RHS senior’s mural combines values of art and social studies

Sandy Carpenter  stands with AP US History teacher Jenn DeJulio in front of the mural she painted last spring in the history wing of Ridgefield High School. Ms. Carpenter, a senior, has taken AP Art the last two years and has painted several murals around the school. —Steve Coulter photo

Sandy Carpenter stands with AP US History teacher Jenn DeJulio in front of the mural she painted last spring in the history wing of Ridgefield High School. Ms. Carpenter, a senior, has taken AP Art the last two years and has painted several murals around the school. —Steve Coulter photo

In the many halls of history, there are events, symbols and people who teach the enduring and inspirational lesson that the past is an invaluable part of understanding the present and making progress toward a better future.

And now, in the hallway of Ridgefield High School’s history wing, a mural echoes that same essential message, connecting art and social studies — two seemingly distant subjects — under the same belief that everyone can take away something from the past and recreate it.

Thanks to the hard work of senior Sandy Carpenter, future RHS students will have the beckoning symbol as motivation to dream of the impossible and make it happen.

“We basically talked about things we both loved from American history,” said Ms. Carpenter, who worked with her Advanced Placement History teacher, Jenn DeJulio, on crafting the mural.

The painting consists of several images — a portrait of Abraham Lincoln and another of Rosie the Riveter, the Statue of Liberty, the United State’s Constitution, the New York City skyline and an eagle, soaring overhead.

Also included are symbolic numbers — 13 and 19 — for the 13th and 19th amendments of the constitution.

“The 19th amendment, which ended woman’s suffrage, and is located closest to Rosie the Riveter and the 13th amendment, which abolished slavery, and is located closest to Lincoln,” she explains.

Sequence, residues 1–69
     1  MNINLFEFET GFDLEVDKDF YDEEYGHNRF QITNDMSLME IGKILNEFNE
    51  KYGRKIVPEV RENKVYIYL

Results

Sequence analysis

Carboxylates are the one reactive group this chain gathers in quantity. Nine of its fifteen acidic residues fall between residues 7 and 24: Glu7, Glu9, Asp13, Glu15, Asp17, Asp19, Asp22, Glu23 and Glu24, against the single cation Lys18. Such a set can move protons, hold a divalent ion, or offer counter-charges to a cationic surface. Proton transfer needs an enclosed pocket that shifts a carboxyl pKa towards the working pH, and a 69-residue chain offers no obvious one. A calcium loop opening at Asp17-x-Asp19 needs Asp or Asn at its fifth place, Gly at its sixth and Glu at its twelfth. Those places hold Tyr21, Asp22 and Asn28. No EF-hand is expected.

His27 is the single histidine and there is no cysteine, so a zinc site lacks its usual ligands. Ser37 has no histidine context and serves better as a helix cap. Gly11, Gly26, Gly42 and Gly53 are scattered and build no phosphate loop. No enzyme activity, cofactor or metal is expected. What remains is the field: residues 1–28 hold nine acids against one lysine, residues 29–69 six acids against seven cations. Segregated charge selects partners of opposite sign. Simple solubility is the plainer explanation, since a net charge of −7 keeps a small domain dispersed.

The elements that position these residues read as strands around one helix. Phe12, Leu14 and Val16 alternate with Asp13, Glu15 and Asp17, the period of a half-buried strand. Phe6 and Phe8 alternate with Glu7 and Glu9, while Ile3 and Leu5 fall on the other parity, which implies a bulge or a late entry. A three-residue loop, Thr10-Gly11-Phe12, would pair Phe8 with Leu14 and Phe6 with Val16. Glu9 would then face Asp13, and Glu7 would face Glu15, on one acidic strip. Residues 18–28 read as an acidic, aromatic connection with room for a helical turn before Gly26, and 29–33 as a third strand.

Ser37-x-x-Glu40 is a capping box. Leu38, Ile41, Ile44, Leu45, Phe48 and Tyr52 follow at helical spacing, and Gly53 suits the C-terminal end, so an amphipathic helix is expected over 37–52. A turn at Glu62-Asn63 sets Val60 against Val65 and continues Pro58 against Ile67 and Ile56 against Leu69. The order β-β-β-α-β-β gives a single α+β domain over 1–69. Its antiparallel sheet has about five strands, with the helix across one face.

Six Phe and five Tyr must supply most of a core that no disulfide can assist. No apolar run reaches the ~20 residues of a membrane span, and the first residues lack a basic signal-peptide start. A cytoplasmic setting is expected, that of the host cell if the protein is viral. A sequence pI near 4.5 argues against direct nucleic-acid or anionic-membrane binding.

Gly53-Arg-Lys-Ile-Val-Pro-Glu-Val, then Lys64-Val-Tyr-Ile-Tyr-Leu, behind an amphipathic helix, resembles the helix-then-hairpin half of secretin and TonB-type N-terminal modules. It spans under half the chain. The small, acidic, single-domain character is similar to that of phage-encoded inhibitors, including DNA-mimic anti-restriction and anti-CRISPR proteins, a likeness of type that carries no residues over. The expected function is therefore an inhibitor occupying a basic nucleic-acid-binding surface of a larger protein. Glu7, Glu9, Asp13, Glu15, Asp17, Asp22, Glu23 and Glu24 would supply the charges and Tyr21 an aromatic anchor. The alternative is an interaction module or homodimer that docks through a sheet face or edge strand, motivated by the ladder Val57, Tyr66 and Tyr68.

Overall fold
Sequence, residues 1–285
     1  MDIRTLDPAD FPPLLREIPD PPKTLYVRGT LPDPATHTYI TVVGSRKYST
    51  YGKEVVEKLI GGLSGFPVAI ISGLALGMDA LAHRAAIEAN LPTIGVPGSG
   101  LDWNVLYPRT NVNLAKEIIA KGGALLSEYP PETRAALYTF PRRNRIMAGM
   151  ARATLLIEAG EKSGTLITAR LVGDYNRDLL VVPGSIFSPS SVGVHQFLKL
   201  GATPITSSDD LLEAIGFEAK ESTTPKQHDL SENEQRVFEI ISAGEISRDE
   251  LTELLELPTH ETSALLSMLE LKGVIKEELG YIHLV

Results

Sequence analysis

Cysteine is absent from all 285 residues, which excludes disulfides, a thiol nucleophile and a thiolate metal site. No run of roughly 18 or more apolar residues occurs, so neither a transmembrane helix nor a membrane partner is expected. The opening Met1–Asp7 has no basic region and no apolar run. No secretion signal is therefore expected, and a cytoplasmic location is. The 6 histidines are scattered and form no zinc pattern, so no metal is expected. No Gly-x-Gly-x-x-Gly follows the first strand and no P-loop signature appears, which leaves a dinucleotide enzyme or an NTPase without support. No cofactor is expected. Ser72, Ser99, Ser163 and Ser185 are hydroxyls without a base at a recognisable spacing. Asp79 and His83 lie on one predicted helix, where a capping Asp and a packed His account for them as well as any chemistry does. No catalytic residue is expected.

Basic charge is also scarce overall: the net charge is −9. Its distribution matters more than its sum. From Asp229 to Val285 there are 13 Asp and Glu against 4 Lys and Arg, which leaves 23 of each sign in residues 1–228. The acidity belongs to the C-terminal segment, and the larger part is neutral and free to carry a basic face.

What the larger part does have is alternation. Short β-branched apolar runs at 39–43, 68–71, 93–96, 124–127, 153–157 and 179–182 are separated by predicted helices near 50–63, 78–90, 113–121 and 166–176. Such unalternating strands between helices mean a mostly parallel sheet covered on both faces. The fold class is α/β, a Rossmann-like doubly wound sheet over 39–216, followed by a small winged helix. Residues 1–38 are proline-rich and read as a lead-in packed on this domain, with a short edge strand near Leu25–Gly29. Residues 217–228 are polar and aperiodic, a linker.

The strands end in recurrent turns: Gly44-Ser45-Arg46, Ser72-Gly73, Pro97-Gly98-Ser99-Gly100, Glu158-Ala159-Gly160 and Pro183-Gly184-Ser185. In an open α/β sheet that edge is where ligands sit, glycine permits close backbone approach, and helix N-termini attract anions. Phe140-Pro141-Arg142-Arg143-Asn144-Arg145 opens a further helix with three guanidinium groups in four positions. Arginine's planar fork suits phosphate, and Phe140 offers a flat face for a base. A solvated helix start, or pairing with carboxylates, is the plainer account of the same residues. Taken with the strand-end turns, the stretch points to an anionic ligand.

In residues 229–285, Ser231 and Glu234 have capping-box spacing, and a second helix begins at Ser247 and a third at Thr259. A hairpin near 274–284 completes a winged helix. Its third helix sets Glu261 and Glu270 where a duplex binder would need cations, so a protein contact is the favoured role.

Ms. Carpenter started working on the mural on May 16, a day after she took her AP History exam — on which she scored a perfect five.

“I’d like to think I’m pretty good at history,” she said.

“She’s one of the best history students I’ve ever had,” Ms. DeJulio chimes in.

Ms. Carpenter finished the project on June 24 after working on and off on it for over a month, dedicating sometimes as much as six hours a week on the painting process.

She used regular acrylic brushes and swears she’s not “one of those snobby art people who has to have best brush possible.”

The most time-consuming part of the sketching and coloring was taking out and putting away the paint, she said.

P1-RHS-Mural-1-CThe mural began with pencil sketch that Ms. Carpenter showed to her AP art teacher, Anne Lester, and worked her way to doing a watercolor before finally painting in the images she had selected.

“Ms. Lester felt it was going to be too complicated so I took out an emblem with an eagle on it that was pretty big and made it smaller and put it on Rosie’s collar,” she explained. “I had a full American flag and took that out.

“Basically, I made it more simple and got rid of the stuff that would have required more time to finish.”